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Rockefeller Researchers Clone Gene for Obesity

Fifty years after the discovery at Rockefeller University that genes are made of DNA, Dr. Jeffrey M. Friedman of the Howard Hughes Medical Institute at Rockefeller University and a team of Rockefeller researchers has cloned the first recessive obesity gene in mice and its human homologue, opening a new era for the understanding and, potentially, the treatment of obesity.

Torsten Wiesel, the Nobel Prize-winning neurobiologist who is president of The Rockefeller University, said: “This finding is a major breakthrough because it gives researchers a powerful new tool for understanding the mechanisms that regulate body weight. We now anticipate many additional discoveries in the field and eventually even the possibility of devising new drug therapies to treat obesity, a serious disease that predisposes people to such potentially life-threatening conditions as diabetes, heart disease and high blood pressure.”

Purnell W. Choppin, M.D., president of the Howard Hughes Medical Institute said: “Obviously, the Institute is quite proud that Jeff’s molecular approach to unraveling the genetics of obesity has been successful. It is gratifying to think that the work may form the basis for new and innovative ways to treat human obesity.”

Phillip Gorden, M.D., director of the National Institute of Diabetes and Digestive and Kidney Diseases, NIH, which helped fund the research, said: “The results at Rockefeller are exciting because we’ve made a major step forward in the search for a human obesity gene. This major breakthrough gives us a new basis for understanding energy regulation and obesity in people.”

The new findings, which will be reported in the cover story in Nature December 1, show that the mouse gene, ob (for obesity), codes for a protein secreted by adipose tissue. This protein, which contains 167 amino acids, is hypothesized to regulate fat storage by signaling the brain to suppress appetite when the body’s fat stores are sufficient. When mutated in mice, the ob gene no longer delivers its appetite suppressing message and the mice develop a syndrome that resembles extreme obesity and type II diabetes in humans.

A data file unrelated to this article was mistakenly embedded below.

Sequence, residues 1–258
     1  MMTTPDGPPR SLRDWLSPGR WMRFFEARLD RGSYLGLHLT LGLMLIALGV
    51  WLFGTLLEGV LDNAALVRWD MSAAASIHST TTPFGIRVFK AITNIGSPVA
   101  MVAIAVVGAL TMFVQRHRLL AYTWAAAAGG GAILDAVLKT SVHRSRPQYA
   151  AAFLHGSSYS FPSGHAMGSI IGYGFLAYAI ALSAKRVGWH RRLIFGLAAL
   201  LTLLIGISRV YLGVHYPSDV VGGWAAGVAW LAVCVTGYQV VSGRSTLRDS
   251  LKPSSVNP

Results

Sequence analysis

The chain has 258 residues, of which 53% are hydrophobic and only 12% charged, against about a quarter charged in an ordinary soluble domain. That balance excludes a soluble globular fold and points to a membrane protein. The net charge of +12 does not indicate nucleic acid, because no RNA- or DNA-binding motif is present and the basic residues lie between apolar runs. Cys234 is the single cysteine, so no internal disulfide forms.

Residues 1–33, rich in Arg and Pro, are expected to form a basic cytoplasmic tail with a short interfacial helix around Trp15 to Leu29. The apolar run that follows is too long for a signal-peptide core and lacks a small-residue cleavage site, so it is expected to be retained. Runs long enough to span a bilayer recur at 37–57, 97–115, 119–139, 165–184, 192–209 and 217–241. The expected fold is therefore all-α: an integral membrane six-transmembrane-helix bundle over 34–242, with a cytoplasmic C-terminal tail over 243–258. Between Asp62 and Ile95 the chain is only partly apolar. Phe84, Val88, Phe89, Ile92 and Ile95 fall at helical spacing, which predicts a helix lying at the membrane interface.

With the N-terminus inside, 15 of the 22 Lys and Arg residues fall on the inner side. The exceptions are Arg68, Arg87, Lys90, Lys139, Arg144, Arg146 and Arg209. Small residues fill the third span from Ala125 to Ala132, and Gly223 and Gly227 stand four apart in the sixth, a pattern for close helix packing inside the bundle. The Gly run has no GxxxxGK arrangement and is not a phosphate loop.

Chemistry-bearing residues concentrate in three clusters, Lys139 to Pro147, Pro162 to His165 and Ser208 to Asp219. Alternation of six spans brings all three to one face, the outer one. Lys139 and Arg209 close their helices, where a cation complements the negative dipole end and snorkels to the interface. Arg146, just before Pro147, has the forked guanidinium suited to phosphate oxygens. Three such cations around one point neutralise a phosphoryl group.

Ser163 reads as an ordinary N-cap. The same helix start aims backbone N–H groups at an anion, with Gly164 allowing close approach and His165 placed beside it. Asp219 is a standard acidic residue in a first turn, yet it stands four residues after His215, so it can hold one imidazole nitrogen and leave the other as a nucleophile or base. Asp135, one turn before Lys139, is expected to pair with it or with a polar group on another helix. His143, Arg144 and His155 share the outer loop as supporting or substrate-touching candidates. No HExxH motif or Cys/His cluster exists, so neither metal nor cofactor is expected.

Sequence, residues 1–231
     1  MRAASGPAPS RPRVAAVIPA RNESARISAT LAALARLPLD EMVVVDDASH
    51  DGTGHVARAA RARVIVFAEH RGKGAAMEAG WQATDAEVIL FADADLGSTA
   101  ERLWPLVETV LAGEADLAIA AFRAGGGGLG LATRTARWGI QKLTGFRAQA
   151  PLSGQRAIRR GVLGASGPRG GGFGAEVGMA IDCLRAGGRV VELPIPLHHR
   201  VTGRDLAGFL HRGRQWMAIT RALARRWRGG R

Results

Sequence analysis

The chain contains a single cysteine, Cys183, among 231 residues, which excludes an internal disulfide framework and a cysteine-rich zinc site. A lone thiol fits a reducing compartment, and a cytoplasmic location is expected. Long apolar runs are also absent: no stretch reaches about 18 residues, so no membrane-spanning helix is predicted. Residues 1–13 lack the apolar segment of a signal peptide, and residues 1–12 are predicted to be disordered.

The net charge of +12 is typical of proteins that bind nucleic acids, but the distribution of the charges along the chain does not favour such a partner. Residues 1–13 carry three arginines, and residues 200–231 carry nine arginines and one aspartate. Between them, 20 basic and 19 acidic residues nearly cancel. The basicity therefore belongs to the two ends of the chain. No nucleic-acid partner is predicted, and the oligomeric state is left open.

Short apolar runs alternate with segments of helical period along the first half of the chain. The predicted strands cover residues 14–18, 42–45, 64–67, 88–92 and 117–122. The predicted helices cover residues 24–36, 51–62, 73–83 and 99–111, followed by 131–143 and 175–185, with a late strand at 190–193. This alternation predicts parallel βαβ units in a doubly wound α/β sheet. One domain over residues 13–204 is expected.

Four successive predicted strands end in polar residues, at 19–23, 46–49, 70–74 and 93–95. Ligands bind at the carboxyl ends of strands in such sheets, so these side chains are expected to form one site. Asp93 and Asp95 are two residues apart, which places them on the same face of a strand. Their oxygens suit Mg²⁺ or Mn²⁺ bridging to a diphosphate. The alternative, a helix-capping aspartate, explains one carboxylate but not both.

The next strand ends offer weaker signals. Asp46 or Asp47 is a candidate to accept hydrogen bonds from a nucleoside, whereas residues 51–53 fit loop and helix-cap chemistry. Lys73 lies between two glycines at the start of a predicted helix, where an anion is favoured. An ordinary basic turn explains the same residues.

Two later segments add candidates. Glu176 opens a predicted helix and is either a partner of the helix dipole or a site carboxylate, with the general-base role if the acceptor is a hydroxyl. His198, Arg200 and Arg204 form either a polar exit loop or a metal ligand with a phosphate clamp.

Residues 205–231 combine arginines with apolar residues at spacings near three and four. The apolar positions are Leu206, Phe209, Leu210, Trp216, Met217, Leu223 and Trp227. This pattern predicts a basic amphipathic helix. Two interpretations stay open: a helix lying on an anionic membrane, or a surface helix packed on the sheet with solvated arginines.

“Available data are consistent with the hypothesis that the ob gene product [the protein] functions as part of an endocrine signalling pathway from adipose tissue that signals the hypothalamus–the brain command post for appetite–to regulate the size of the body fat depot,” said Friedman. “This hypothesis now needs to be tested using modern methods of molecular biology.”

Friedman and his colleagues found that the ob gene was completely inactive in one obese strain of mice, an indication that the protein must be made to keep the animal’s weight under control. In a second obese strain, the gene was expressed at 20 times the normal level but contained a mutation that inactivates the protein. The high expression of this mutant is consistent with the idea that the gene encodes a hormone because normally there are feedback loops to shut off hormone production. “Because the gene makes a defective protein in this case,” said Friedman, “the level of hormone production goes up, trying to compensate for its lack of efficacy.” Another indication that the normal protein is a hormone comes from the fact that it contains a “signal sequence” at the amino terminus, a hallmark of proteins secreted from cells, as hormones are.

However, Friedman and his colleague emphasized that it is still necessary to show that the protein does, in fact, function as a hormone that regulates the amount of fat stored in the body. Two crucial experiments will confirm ob’s signalling role: the ob protein must be shown to circulate in the blood, and injections of a normal version of the ob protein must reduce the weight of animals with mutations in their ob genes. Such experiments are now underway in Friedman’s lab.